I hope you’re enjoying the tour through Jeremiah. There are so many excellent stories and lessons to draw for everyday life from these readings. For example…
Sin will have its inevitable consequence
Perhaps Zedekiah had hoped that the LORD might change his mind or perhaps even that God would at least allow Zedekiah himself to escape Nebuchadnezzar. But God’s plan for Zedekiah was different: Jeremiah 34:3 “‘You will not escape from his hand, for you will surely be captured and delivered into his hand; and you will see the king of Babylon eye to eye, and he will speak with you face to face, and you will go to Babylon.’”’” At least Zedekiah, because the LORD saw something good in him, would die in peace and would be mourned — unlike some Israelite kings who had died in disgrace. I think the lesson here is that some consequences for sin are inevitable, but if we submit to the LORD, we could be shown mercy even in our punishment.
Covenants are not to be broken (34:8ff)
Not only had God commanded that every Sabbath year (every seventh year) in the original covenant (the Mosaic covenant — Exodus 21:2), but in view of Israel’s disobedience to this command, some had made a new covenant with God (possibly in hopes of avoiding the prophesied punishment spoken of by Jeremiah and others). However, after initially releasing their slaves, they began reclaiming their former slaves! God wasn’t pleased and pretty incredulous that they had “cut the calf in two and passed between its parts” — but now were reneging on their covenant promise. Jeremiah 34:18 “‘I will give the men who have transgressed My covenant, who have not fulfilled the words of the covenant which they made before Me, when they cut the calf in two and passed between its parts–” It’s a fairly gruesome explanation so I’ll keep it brief, but covenants were often enacted by literally cutting sacrificial animals in half and then walking between their parts. The idea behind the blood ritual was to say, as it were, “If I should go back on this promise, may I also be butchered like these animals.” Ecclesiastes 5:1-7 warns everyone, “Ecclesiastes 5:1 “Guard your steps as you go to the house of God and draw near to listen rather than to offer the sacrifice of fools; for they do not know they are doing evil.”
A lesson from a tee-totaler tribe
The Rechabites were a family within the family of the Kenites. The Kenites weren’t really Israelites, even though they had come into the Promised Land with the Israelites. They were technically Midianites, the family of Moses’ wife. They had been nomads, being from Midian anyway, and Jonadab the son of Rechab, their ancestor from Moses’ time, had charged his family to not adopt the ways of the Israelites and become farmers. They were never to drink wine, they were never to till a field, they were never build or live in a house. But God, for a visual aid sort of lesson, told Jeremiah to invite the Rechabites to a wine tasting party, as it were. The Rechabites refused and explained why they had to refuse. Why, God then asked, if the Rechabites have observed their father’s rules (traditions) for so many centuries, why couldn’t Judah have observed God’s commands? Jeremiah 35:16 “‘Indeed, the sons of Jonadab the son of Rechab have observed the command of their father which he commanded them, but this people has not listened to Me.’”’” And it remains a good question for us today, doesn’t it? We have traditions, even in America, a way of living and thinking — call it Americanism, patriotism, individualism or whatever you wish — but if you violate it, you’ll be looked at like you have three heads. So why is it so hard for us to obey God’s commands?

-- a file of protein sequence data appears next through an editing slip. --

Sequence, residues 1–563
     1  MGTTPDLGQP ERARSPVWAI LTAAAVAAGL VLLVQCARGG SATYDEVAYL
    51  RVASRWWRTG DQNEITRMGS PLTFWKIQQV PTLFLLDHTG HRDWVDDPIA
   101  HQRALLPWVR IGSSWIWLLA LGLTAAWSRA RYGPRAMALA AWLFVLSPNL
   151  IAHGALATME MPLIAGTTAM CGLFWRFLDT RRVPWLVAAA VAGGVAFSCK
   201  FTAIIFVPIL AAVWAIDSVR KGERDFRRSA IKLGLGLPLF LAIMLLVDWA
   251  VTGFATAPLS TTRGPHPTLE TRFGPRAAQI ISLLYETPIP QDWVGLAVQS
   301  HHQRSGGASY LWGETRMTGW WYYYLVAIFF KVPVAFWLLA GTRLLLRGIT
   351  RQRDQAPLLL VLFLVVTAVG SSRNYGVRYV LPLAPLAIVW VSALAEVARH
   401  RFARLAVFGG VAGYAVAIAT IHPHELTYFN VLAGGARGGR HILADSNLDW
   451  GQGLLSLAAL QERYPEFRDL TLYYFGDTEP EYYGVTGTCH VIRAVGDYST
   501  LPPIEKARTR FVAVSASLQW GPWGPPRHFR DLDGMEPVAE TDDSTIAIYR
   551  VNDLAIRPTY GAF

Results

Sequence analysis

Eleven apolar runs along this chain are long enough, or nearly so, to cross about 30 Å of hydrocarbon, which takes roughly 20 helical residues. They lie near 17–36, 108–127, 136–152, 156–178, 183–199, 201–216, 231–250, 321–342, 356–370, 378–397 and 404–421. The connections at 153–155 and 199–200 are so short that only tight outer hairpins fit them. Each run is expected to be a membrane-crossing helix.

The indestructible nature of the Scripture
When people don’t like what God has to say, they would often like to do what Jehoiakim did — cut it up, burn it, and ignore it. The problem, however, is that God’s word is simply indestructible — it doesn’t go away so easily. In fact, it doesn’t go away at all. Jeremiah was commanded to rewrite all his previous prophecies and a few more: Jeremiah 36:32 “Then Jeremiah took another scroll and gave it to Baruch the son of Neriah, the scribe, and he wrote on it at the dictation of Jeremiah all the words of the book which Jehoiakim king of Judah had burned in the fire; and many similar words were added to them.” Closed Bibles won’t excuse us, burning it won’t exempt us, it simply won’t do to ignore it — whether it’s baptism, discipleship, love, forgiveness, our words, morality, or following God’s patterns for the church, Jehoiakim’s solution won’t do.
See you tomorrow, Lord willing.